PLEASE NOTE: Sometimes the fastest way, is the slowest way. Your first query is going to be the most important page you ever write in your career. If ever there was a time to stop, regroup and either start over or slow down, it is now if you have become frustrated and find yourself posting one query after another, almost daily. Thanks everyone. Now, let's see what you think!

Words everyone embarking on a new query letter, whether novice or 'old soul', should take to heart - maybe even post over the computer as a gentle reminder of the harsh reality!


#5 redwood

redwood

    Veteran Member

  • Members
  • PipPipPipPipPip
  • 366 posts
  • Literary Status:published
  • LocationUS Southwest

Posted 02 October 2010 - 09:39 AM

And here I was about to compliment you on a well thought out first draft and then I read your addendum. (Who'da thunk one little page could be so hard to write, huh?)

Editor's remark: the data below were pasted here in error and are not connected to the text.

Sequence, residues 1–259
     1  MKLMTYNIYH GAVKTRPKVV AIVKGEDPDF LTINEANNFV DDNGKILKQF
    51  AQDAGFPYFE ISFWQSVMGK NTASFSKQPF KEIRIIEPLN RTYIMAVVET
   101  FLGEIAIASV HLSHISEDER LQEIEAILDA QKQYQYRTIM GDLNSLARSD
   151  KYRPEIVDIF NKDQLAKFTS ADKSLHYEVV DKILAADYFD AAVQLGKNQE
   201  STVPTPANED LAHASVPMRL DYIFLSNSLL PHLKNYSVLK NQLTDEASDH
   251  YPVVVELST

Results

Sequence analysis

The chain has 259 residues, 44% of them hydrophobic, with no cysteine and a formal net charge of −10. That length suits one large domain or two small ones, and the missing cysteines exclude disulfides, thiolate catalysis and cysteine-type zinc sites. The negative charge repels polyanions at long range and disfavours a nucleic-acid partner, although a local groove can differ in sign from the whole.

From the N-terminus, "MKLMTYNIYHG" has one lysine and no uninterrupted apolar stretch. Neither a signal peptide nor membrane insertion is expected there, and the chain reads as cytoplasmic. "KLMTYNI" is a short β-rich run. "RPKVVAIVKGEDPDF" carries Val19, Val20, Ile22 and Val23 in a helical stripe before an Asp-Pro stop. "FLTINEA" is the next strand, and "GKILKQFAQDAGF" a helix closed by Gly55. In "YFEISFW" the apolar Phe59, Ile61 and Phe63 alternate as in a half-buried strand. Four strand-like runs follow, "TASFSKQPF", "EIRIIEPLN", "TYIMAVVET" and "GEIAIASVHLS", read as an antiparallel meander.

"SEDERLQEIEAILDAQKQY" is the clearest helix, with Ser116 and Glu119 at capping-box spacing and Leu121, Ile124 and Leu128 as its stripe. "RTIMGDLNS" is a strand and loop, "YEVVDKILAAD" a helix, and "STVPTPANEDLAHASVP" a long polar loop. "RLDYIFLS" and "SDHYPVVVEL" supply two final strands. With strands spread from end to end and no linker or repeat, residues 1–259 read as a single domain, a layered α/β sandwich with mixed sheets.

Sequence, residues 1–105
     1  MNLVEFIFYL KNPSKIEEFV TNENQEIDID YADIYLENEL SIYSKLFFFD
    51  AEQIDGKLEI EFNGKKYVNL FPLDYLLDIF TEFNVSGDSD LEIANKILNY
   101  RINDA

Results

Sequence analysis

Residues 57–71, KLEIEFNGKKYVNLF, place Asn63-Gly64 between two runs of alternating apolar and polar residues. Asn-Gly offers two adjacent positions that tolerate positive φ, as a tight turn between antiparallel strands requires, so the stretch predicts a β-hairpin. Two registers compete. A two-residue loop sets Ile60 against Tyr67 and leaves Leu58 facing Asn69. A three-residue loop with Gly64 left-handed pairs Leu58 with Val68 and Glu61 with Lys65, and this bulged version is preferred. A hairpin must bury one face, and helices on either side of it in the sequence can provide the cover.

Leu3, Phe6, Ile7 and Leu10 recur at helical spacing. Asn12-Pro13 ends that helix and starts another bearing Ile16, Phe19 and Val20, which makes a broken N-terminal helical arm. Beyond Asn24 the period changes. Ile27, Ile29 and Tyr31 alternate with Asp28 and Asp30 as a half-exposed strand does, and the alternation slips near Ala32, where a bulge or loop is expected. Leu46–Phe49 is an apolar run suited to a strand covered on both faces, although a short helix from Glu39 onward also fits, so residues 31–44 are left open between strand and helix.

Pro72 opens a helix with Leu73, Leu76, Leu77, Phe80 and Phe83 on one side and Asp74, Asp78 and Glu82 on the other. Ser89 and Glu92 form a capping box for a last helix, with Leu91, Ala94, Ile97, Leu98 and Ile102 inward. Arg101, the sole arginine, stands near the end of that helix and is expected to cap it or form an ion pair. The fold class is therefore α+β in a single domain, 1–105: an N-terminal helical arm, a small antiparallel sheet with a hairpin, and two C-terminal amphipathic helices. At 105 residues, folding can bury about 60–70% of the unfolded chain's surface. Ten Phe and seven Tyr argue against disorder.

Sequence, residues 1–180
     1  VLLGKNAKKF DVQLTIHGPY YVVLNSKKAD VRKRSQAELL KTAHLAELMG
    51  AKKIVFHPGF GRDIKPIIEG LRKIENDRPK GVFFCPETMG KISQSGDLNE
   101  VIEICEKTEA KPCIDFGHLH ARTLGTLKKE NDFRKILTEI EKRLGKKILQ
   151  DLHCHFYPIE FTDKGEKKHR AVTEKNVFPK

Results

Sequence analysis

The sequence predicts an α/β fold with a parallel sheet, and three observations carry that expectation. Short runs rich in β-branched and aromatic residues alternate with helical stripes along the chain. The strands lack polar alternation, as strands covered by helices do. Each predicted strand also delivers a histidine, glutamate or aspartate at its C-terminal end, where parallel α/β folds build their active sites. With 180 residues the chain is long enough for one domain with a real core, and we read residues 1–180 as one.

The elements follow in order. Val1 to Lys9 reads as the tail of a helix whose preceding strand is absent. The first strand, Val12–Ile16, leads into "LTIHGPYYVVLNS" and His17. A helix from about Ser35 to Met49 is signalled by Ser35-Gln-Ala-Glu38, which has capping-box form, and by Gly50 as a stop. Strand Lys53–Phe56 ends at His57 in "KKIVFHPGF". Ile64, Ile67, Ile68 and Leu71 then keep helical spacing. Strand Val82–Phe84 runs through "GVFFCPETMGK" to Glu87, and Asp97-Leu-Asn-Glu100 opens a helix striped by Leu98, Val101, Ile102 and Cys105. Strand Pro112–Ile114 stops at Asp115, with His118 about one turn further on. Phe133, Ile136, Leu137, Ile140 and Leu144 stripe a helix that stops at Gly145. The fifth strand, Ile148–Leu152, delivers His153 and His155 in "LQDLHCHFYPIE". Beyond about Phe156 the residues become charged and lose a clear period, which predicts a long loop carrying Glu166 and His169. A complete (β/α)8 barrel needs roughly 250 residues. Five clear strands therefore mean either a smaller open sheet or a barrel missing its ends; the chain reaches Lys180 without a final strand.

I noticed a few grammatical (punctuation) errors throughout. You'll definitely want to do a clean up before you start sending out queries. For a thriller, this feels a little static and cold. You need to instill a bit of the heart-pounding, pulse-racing suspense of the story into the query letter. ) It looks like you've got a great story premise and a solid storyline. It's not a perfect wrap-up, however, as it is uncertain if he actually finds the cure or if we are all going to fall victim to this supervirus! Cliffhangers work on the bookstore shelf but not for the agent.


PLEASE NOTE: Sometimes the fastest way, is the slowest way. Your first query is going to be the most important page you ever write in your career. If ever there was a time to stop, regroup and either start over or slow down, it is now if you have become frustrated and find yourself posting one query after another, almost daily. Thanks everyone. Now, let's see what you think!